News & Views
Muddy play and why it is worth getting messy
Mud, mud, glorious mud... As the song goes, there’s nothing quite like it for cooling the blood. But at this time of year, when the temperature drops and the rain keeps coming down, it’s good to find other ways to enjoy the inevitable mud. The most obvious place to start is to ensure that anyone playing in mud is suitably dressed.
It is not necessarily a given that all children will relish playing in the mud. Perhaps their caregiver has discouraged it consistently to this point and the child feels it is something to be avoided for fear of getting dirty. It’s understandable and can take time to override. Equally, some children don’t enjoy the experience of touching mud for various reasons. While this might be impossible to overlook, it can be worth persevering gradually over time, for the benefits of playing in mud are varied.
The benefits of muddy play
The most obvious aspect of mud play is that it (usually) takes place outdoors and this comes with a wealth of known benefits for children.
Playing in the mud is a very beneficial way for children to learn about their surroundings, nature and themselves. They can relax and use mud play as a means to express themselves creatively.
Muddy play can also encourage a wider range of vocabulary by using descriptive words like squidgy, oozy or squelchy. Children can play in the mud and notice how it feels, what noises they can make in it or with it as well as what they can create with it. Playing in the mud can also support children with their sensory play by helping them develop some tactile skills.
If children are introduced to the delights of mud from an early age (under one is fine), they can gradually build up their immune systems and could be less vulnerable to some allergies and illnesses. Just ensure that children don’t consume too much mud, but a bit on their hands won’t do any harm. It’s a good idea to offer children somewhere to wash their hands after playing with mud. There is also some research to suggest how playing in the mud might even increase the diversity of particular ‘friendly’ bacteria in the body.
Seven ways to try using mud to your advantage
- Start a mud kitchen. This is commonplace in many early years settings and for good reason. It is a great way to offer children the chance to explore the textures and smells of mud; how it reacts when mixed with water or when other natural objects are mixed into it. It is an activity that is meant to be muddy and there are no age limits!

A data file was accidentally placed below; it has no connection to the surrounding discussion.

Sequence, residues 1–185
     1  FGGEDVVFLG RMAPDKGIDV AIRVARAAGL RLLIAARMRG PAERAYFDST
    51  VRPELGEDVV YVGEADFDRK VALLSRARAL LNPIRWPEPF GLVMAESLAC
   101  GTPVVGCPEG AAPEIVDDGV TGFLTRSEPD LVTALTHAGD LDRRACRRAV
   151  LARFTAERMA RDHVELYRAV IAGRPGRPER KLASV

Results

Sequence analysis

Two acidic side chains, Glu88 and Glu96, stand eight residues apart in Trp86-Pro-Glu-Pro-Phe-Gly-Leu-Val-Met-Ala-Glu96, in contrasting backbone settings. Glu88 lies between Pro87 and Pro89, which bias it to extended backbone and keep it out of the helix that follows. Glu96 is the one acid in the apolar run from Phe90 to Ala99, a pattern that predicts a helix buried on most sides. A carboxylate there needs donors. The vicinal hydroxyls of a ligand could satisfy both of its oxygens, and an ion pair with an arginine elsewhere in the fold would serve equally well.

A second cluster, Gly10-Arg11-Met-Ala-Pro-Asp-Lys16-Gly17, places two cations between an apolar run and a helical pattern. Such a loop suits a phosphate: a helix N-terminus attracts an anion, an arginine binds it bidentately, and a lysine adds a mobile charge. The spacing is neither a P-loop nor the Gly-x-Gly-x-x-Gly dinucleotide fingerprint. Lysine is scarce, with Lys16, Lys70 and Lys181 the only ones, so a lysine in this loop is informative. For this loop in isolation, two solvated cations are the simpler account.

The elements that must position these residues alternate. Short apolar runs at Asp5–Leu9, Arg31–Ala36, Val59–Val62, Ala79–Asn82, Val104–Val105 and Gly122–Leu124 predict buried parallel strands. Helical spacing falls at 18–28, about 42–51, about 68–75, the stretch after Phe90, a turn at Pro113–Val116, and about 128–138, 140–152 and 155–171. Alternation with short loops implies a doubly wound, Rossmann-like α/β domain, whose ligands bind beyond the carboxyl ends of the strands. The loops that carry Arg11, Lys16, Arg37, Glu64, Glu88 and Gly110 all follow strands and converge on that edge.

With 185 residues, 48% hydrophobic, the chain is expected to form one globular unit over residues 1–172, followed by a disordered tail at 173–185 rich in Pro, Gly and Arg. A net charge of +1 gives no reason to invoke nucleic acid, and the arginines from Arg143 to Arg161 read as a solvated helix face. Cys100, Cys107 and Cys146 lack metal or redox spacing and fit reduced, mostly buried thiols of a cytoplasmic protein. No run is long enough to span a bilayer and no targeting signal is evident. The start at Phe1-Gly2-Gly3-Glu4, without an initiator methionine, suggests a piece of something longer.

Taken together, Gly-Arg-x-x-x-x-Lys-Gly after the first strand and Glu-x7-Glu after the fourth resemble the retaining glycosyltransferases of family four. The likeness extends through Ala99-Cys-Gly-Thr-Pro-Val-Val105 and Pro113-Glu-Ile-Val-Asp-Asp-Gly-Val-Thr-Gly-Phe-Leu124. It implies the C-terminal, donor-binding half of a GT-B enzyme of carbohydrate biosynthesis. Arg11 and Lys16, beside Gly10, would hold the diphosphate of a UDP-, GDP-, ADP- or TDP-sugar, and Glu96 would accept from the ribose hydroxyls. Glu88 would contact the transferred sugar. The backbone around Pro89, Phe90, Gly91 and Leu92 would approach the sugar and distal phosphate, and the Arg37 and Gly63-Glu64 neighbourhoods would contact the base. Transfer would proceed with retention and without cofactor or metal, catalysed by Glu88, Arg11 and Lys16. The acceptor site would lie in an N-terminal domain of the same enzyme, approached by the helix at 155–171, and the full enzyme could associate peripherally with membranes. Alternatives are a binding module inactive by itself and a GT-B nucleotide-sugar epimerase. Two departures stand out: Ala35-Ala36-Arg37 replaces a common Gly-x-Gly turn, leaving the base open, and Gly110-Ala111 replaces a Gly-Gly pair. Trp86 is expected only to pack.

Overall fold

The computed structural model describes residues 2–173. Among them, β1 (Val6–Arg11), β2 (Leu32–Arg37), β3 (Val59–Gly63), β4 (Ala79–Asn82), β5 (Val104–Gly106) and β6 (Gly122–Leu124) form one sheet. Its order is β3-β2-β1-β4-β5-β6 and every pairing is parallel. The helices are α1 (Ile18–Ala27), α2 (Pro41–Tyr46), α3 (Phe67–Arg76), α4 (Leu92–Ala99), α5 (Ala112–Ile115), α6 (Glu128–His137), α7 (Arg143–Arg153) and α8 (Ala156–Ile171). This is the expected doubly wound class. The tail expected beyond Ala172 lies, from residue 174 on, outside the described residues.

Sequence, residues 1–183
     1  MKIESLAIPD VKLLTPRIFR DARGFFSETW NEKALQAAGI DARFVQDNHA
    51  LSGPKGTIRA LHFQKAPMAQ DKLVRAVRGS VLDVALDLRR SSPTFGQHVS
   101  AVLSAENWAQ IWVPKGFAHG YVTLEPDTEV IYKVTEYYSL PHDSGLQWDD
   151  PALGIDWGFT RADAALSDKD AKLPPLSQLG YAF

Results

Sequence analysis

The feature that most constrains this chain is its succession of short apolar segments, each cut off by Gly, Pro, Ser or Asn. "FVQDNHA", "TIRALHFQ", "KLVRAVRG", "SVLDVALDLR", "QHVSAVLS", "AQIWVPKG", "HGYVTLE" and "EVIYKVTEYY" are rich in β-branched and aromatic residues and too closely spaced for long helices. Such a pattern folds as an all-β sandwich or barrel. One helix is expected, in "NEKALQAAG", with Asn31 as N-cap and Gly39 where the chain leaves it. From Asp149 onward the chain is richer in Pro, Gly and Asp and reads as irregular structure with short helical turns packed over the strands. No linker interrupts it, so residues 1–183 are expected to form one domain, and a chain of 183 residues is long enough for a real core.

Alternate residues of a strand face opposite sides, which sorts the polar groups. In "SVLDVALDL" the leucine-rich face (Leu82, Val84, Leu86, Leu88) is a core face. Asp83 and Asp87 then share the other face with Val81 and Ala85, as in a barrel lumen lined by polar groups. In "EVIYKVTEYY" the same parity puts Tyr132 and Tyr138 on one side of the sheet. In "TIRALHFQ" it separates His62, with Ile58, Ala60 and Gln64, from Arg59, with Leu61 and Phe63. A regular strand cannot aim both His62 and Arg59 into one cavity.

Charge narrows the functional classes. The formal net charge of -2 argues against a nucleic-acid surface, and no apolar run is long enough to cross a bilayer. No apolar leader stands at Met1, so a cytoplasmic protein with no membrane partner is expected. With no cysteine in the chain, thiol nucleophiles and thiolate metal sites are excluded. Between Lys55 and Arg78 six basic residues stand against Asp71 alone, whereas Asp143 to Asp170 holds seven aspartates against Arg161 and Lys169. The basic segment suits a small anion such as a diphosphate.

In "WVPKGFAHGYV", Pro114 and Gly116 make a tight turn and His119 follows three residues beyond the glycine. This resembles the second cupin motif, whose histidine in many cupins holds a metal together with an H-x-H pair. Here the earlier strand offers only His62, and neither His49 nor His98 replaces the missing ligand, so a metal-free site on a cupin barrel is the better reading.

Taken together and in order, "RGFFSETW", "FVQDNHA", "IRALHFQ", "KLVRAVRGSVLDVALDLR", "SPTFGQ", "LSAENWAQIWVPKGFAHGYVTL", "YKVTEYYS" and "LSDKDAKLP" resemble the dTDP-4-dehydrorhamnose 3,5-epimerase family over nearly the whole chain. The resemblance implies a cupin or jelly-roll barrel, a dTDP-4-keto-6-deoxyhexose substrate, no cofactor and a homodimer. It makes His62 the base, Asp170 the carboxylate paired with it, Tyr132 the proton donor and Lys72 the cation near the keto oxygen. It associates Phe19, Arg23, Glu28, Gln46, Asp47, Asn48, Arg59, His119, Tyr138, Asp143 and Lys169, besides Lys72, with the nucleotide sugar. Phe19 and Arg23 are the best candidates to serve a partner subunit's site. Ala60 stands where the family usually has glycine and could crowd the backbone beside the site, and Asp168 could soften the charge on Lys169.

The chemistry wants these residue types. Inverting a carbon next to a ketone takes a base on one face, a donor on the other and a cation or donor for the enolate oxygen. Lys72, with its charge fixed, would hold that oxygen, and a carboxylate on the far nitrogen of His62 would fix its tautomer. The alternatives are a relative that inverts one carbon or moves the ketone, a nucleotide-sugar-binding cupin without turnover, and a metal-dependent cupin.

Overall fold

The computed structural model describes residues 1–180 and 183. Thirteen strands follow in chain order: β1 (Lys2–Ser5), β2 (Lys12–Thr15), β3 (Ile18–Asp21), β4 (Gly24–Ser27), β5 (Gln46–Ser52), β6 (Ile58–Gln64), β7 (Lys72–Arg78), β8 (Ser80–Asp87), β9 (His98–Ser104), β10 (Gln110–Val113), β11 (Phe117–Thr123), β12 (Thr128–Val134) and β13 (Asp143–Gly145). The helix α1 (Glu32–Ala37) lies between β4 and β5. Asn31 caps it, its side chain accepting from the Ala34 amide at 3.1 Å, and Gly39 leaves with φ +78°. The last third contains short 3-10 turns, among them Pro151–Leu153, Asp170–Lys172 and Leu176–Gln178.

- In the mud kitchen or wherever you can host an area dedicated to mud, encourage children to make mud into different shapes. They might like to have a mud café, where they can serve mud-inspired dishes, like mud cakes, soups, stews and pies.
- Mud can be used to construct all kinds of structures, from mud bricks to towers or castles. Give children the time and space to be creative with their designs. Some children can take a long time to start thinking about and then creating in mud, so ensure they have plenty of time to ponder and explore.
- If children become attached to their mud creations, consider dedicating a small space to children’s designs where they can be kept. Noticing how mud dries over time is another interesting way of exploring mud and how it behaves.
- Encourage children to view mud as a life force. It is what trees, plants and fruit/vegetables grow in and it hosts thousands of creatures that support plant life and feed larger animals. It is an amazing source of nutrients and needs to be nurtured.
- Offer children the chance to mix mud with other available natural items. Encourage them to consider what they can create with some mud, pine cones, acorns, sticks and other natural materials. Perhaps they would like to make mud faces on the bark of trees or maybe a mud collage on a hard surface. The great thing about mud play is that children usually have many more ideas than adults, so leave the creative drive to them!
- If being in a large muddy area feels too much for adults or children, mud can be collected in buckets or bowls and played with on a smaller level.
The thing to remember about mud is that it can be washed off. It’s not a permanent fixture and the benefits of playing with it can usually outweigh the possible inconveniences. It is a source of great interest to children of all ages and deserves a bit of time in the limelight!
Promote positive approaches to outdoor learning with the Outdoor Learning Award which offers a range of extracurricular outdoor learning opportunities for your pupils.
About the author
Joanna Feast is an education consultant specialising in PSHE education across the age ranges. She is also the founder of Clean Wellbeing and author of the Outdoor Learning Award.